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ASBOs explained

ASBOs explainedThey can cover anything from carrying a weapon to wearing a hat. But what are ASBOs, and how do they really work?

Who are they for?

Anti-Social Behaviour Orders, or ASBOs, are civil orders meant to prevent people known to behave antisocially from doing so again.

They can be given out for any behaviour which “caused or was likely to cause harm, harassment, alarm or distress”. They work by banning the person from doing certain things or going to certain places.

Usually, the ban will be on something leading up to the anti-social behaviour, not the behaviour itself. For example, someone is more likely to be banned from carrying spray paint in a certain area than from spraying graffiti.

How are ASBOs given out?

First, someone has to apply for an ASBO against a person who has been behaving anti-socially. Only certain people can apply: these include the police and landlords who run social housing.

The applicant usually provides a draft of the order, but the final ASBO will be written by the court.

Decisions about ASBOs are made in the magistrates’ courts. Although they are civil orders, they require a similar level of proof to a criminal case: the court must be convinced beyond reasonable doubt.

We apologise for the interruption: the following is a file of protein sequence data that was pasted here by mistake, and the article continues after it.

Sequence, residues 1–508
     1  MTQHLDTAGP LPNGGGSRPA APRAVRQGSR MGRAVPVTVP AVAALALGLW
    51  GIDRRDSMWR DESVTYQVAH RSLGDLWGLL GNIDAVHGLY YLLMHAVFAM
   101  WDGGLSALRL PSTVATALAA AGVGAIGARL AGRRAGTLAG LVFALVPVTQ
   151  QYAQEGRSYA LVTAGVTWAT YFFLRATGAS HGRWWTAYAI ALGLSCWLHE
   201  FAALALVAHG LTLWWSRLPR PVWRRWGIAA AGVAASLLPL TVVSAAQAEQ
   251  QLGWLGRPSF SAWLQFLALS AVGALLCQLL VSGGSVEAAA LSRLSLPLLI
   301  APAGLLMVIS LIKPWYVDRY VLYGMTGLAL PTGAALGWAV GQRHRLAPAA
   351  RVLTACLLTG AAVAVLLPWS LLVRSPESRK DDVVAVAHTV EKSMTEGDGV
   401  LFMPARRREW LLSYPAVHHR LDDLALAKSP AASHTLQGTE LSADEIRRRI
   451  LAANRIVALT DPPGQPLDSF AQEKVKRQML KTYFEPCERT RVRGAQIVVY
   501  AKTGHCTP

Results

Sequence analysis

What happens if you break an ASBO?

Breaking an ASBO is a criminal offence – even if the original behaviour was not. It is punishable by up to five years in prison.

Criticsm of ASBOs

The extra power ASBOs provide has worried some people. Not only can they make otherwise non-criminal actions a criminal offence, they are very open-ended: there is not much restriction on what a court can put in an ASBO.

Critics have also pointed out that very few ASBO applications are turned down: around 3%.

There are fewer restrictions on news organisations reporting on ASBOs than there are for criminal trials.
As a result, there is a risk that those who receive them will either become stigmatized (feel publicly shamed) or will view having an ASBO as a “badge of honour”.

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